Myke Macapinlac says that a bit of self-reflection before you dive in to your next relationship could save you a lot of time and heartache.
Just like most people, I’ve had my fair share of heartaches with dating in the past. Relationships come and go. But in my case, women never seem to want to stay long-term.
What made me look into this area of my life further was during a time when I had a streak of bad dates. I couldn’t seem to figure out what was going on.
My heart was crushed and my self-esteem was at an all time low. I had the Midas touch except it worked in reverse; everything I came in contact with turned to crap.
So what was I doing wrong?
As a single guy, finding someone worthwhile matters to me. Looking back now, the mistakes I made were very clear.
I dated women for all the wrong reasons.
A smart person learns from his mistakes. A wise person learns from the mistake of others.
Knowing what I know now, here are some questions that I would’ve asked myself before getting into a new relationship. If you’ve had “bad luck” in the past as well, I suggest you ask yourself these questions too.
Here they are.
4 Important Questions You Need to Ask Before Getting into a Relationship
What Are My Reasons For Dating?
Most people seek out security by being in a relationship. Do you know people who jump from one relationship to the other? I was definitely one of them.
Because I was afraid to be alone. The hardest conversation you’ll ever have is the one with yourself in silence. I definitely was running away from it.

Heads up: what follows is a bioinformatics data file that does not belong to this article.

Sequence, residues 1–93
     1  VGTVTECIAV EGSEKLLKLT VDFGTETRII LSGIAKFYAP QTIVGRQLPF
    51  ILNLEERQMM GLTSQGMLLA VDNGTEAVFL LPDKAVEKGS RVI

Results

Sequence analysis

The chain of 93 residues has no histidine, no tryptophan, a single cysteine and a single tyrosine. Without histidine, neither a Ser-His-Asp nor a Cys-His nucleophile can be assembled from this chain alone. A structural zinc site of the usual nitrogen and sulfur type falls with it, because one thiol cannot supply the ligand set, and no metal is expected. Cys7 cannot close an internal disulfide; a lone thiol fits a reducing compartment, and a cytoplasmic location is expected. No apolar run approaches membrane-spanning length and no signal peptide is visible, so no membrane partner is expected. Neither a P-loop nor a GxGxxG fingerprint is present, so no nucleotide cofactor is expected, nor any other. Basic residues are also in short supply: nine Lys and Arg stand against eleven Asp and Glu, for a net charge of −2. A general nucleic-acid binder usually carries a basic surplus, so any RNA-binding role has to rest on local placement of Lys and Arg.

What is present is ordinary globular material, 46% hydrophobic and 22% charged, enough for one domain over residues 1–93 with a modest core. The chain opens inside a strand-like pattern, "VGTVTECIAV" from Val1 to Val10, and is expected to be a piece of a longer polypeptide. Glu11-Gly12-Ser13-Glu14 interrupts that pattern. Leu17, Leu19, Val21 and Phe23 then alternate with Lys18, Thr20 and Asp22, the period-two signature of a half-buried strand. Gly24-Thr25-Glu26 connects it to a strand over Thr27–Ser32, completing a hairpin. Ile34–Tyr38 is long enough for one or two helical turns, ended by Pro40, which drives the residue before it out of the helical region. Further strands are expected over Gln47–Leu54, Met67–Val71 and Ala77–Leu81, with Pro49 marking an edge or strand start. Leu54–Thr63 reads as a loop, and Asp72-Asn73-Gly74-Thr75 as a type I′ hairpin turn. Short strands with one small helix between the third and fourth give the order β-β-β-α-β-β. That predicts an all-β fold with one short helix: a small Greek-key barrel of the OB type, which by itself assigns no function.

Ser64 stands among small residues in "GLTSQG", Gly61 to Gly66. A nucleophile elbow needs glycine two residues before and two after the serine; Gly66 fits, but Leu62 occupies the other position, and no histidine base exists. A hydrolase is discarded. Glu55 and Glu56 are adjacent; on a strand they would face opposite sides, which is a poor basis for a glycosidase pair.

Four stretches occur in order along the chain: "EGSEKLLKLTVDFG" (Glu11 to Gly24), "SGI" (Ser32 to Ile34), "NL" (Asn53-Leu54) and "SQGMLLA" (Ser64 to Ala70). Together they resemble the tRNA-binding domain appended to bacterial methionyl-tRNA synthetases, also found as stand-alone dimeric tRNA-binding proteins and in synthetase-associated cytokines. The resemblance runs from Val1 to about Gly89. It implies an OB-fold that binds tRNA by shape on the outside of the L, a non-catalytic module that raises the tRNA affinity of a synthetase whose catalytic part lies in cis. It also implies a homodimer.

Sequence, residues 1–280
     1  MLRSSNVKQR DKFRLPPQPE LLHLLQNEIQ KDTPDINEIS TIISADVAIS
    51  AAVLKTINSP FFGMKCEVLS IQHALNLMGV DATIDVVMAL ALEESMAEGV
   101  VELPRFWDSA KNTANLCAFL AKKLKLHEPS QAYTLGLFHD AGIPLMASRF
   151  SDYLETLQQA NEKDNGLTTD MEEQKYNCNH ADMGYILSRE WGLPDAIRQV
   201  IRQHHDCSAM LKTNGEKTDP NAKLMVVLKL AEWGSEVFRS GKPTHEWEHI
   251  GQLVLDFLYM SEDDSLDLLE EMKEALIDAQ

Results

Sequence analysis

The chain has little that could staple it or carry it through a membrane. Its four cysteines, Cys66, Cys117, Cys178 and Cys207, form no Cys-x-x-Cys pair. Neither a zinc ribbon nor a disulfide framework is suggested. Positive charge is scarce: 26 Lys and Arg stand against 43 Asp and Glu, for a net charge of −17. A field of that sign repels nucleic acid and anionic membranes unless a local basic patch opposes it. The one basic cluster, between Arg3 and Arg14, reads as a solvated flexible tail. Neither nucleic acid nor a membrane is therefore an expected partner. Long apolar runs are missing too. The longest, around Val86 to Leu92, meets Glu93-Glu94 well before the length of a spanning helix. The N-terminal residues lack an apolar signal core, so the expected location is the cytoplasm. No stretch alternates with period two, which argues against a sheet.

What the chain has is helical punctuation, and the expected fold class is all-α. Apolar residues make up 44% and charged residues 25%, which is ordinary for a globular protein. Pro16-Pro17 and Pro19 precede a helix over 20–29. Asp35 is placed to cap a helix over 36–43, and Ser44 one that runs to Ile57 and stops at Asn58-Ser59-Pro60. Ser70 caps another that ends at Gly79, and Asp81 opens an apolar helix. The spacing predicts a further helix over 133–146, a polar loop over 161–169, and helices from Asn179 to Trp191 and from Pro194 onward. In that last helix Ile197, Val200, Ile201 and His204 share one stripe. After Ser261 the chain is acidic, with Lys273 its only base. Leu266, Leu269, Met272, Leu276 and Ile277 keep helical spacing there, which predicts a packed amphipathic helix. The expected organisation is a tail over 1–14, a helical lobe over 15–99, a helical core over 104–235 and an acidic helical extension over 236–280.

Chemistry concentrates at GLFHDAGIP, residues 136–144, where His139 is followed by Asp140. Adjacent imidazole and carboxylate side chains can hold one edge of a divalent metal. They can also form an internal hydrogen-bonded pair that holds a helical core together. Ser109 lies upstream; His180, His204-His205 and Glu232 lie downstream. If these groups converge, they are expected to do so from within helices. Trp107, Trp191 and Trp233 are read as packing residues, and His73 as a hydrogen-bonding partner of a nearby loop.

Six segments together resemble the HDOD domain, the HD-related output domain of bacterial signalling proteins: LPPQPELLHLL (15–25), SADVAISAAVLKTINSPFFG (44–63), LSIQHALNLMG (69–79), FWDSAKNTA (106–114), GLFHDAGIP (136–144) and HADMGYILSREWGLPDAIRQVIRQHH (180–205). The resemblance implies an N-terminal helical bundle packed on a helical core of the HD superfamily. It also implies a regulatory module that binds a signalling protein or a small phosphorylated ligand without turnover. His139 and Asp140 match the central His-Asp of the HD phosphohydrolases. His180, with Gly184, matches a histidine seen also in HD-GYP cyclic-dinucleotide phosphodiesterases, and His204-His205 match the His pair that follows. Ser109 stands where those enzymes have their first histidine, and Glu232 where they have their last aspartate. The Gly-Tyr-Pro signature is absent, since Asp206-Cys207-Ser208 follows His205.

Relationships shouldn’t be a temporary fix for deeper rooted issues. If you come from a place of lack, you’ll always feel needy and insecure.
You can’t look for validation and acceptance anywhere but from yourself. You should be able to enjoy your own company and value your own opinion.
The best place to be in a relationship is when you don’t need to be in one.
Am I Able to Show Up as My Authentic Self?
The mistake that most people commit when they get into a relationship is they try and change the other person. That’s like buying a pair of shoes that are either too big or too small. Sure you can make it work but it won’t be comfortable. It’s just not a good fit to begin with.
The solution to this issue is really simple; just find someone who wants the same things you do.
How do you do that?
First of all, get clarity on what it is you really want from a relationship. Make a list of things that are important to you. What are things that are just non-negotiable to you?
Use that to qualify the people you’re going on dates with from the very beginning. You’ll gain more respect from others if you’re willing to live up to your values no matter what.
Can I make my partner’s life better?
When you focus on giving, you’ll always feel happy. By making your partner’s life better, the relationship becomes a very positive experience for the both of you.
Naturally, the person you’re with will do the same. That’s how the law of reciprocity works. Dating should be about adding value to each other’s life and well-being.
The reason why most people don’t get what they want is because that’s what they focus on. Don’t get caught up in “fixing” the relationship. Instead, think of ways to become a better person for your partner.
Everyone is good at something. Recognize what that is and share your gift with who you’re with.
What are My Expectations from this Relationship?
Do me a quick favour. Think about the last argument you were involved with. I bet you anything it started off with statements that sounded like these:
“But I thought that …”
“I just assumed if…”
“I didn’t know that…”
If you’re nodding your head, you just discovered why most relationships fail. It’s because of miscommunication.
Never make the mistake of assuming what your partner thinks. If you’re not sure, it’s really as simple as asking.
Be proactive about your happiness by communicating your needs and wants. Allow the other person to do the same as well.
Clear the path before moving forward with your relationships. This will save you a lot of time and energy from unnecessary arguments.
You can see more of Myke’s writing at SocialConfidenceMastery.com
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